The seller would be lucky to get $500 if he puts this collection of newspaper clippings back on sale someday.
This long-sleeved shirt with a Sy Devore label had a modest minimum bid price of just $1,000, but it still did not sell. The item description says “Elvis Owned,” not “Elvis Owned and Worn.” Elvis probably did wear the shirt, but there is no photo showing him wearing it to support this.
Also, there is a LOA from David Turner, a man who bought the shirt from the Salvation Army after Vernon donated a number of Elvis’ wardrobe items. Turner never saw Elvis wear the shirt, so of course he couldn’t verify that Elvis ever wore it.
UK version of the EP Loving You:
In addition to a twelve-song album titled Loving You, Elvis had two 45 RPM EPs (Volumes 1 and 2) with the same title and cover picture. The EPs each had four songs. But RCA did something unusual with the UK version of the EP. They put all eight songs on a 10’ disc that played at 33-1/3. Who knows why they didn’t just put all twelve songs on a 12” record and issue it as the standard album?
So, we have a rarity that seemed like it would bring the $400 minimum bid, but it didn’t. Possibly the reason is that it graded VG-6, a couple of notches down from the preferred Near Mint grade.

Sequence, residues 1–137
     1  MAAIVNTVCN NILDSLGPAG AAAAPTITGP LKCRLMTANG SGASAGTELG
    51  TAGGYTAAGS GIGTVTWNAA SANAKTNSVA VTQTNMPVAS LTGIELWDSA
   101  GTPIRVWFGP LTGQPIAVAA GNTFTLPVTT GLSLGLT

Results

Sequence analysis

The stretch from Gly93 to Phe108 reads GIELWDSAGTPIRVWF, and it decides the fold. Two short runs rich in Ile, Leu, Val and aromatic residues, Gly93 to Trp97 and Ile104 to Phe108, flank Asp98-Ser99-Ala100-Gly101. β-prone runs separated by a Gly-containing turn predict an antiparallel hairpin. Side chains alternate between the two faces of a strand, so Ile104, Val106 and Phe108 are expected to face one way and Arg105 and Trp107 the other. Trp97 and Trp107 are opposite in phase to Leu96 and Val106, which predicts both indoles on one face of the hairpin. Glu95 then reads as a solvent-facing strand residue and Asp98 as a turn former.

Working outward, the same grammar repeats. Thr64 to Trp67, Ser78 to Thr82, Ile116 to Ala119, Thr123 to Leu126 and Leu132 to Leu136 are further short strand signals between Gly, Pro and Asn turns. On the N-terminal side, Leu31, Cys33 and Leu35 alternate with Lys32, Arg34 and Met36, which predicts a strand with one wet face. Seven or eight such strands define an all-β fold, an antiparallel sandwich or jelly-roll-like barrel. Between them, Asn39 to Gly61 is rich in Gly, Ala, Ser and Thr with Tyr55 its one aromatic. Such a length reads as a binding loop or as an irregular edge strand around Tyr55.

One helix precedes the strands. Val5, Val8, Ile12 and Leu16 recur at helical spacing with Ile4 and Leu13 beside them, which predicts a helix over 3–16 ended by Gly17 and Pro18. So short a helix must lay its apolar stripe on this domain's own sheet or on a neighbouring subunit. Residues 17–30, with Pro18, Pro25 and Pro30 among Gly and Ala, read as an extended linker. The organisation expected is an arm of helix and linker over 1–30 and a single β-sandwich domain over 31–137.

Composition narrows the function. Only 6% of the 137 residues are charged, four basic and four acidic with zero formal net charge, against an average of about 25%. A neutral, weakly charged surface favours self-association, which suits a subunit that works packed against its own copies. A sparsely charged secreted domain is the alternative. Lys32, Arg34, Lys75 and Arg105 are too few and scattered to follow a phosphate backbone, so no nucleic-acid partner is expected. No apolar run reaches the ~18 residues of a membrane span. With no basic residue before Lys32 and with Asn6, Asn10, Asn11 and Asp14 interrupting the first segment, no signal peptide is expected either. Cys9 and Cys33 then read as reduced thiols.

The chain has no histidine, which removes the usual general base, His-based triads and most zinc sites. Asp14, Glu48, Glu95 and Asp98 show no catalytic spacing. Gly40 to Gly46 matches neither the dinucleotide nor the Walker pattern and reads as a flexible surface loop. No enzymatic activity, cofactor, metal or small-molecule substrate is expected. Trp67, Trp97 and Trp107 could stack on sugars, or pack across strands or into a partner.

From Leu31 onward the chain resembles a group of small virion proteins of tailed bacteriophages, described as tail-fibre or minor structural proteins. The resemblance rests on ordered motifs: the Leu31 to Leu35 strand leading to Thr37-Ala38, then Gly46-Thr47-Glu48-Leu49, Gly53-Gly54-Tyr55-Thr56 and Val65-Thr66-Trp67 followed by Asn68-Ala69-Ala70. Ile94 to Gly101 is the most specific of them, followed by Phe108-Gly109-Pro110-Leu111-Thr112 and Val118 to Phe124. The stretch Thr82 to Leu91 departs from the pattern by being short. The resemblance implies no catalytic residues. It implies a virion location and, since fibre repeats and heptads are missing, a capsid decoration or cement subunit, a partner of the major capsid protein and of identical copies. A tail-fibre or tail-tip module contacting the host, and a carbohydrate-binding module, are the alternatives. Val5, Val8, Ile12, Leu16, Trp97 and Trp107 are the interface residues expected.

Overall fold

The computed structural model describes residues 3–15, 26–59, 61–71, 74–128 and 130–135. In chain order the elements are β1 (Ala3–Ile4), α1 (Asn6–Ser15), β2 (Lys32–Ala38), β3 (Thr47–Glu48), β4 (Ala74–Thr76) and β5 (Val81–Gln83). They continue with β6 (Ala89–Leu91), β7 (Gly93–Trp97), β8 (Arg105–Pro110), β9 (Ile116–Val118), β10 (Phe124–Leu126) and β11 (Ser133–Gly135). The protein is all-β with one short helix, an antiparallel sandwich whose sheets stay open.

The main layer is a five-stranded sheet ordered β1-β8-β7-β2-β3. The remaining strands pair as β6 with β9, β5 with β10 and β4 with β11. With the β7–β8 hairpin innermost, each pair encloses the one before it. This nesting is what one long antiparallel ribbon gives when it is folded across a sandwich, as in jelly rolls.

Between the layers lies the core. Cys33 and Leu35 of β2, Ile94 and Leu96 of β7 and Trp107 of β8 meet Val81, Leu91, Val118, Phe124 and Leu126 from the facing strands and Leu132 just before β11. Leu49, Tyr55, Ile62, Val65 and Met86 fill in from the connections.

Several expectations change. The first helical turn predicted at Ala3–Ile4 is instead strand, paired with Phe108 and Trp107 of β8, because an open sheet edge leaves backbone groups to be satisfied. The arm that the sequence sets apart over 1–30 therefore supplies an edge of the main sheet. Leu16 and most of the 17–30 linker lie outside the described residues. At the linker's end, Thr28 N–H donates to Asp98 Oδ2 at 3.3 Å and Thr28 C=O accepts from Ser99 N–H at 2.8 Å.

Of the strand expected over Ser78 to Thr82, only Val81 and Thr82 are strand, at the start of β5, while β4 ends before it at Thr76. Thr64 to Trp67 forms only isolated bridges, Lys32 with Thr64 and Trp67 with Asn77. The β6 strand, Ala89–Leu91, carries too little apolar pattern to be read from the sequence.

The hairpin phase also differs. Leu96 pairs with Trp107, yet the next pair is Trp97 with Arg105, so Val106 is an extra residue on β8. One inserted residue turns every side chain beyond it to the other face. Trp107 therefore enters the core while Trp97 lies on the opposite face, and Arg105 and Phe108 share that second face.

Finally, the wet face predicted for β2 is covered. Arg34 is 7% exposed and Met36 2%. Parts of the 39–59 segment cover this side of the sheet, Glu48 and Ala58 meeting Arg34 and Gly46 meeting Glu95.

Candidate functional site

Suit Worn at Frontier Hotel Shows:
The results on this suit really surprised me. It seemed like it had so much going for it that bidding would blow past the minimum bid of $10,000 and go for much more. First, the suit is historically significant – Elvis wore it during his 1956 performances at the New Frontier Hotel in Las Vegas.
Second, there are numerous photos of Elvis wearing the suit, including one of the cards in the 1956 Topps Elvis series.
And finally, the suit bears the famous Lansky Bros. label plus a special one:
I can’t figure out why no Elvis collector bid $10,000 for this suit. Even excluding jumpsuits, there have been many Elvis clothing items going for more than this (including a coat at this auction that sold for $30,000). If the seller brings this suit back at auction again, I think he will get his price.
Fantasia Fiberoptic Lamp:
This is just stupid. Elvis gave this spikey lamp to Al Strada, one of his security guys in the 70s. It is unlikely that Elvis even paid for it, because a plaque at the bottom states, “Las Vegas Hilton Elvis Presley August 1975”. When I saw the minimum opening bid of $1,000, I laughed. Try $100 next time and maybe it’ll sell.
We will take a look at the big winners at the Heritage Entertainment and Music Memorabilia Auction next week.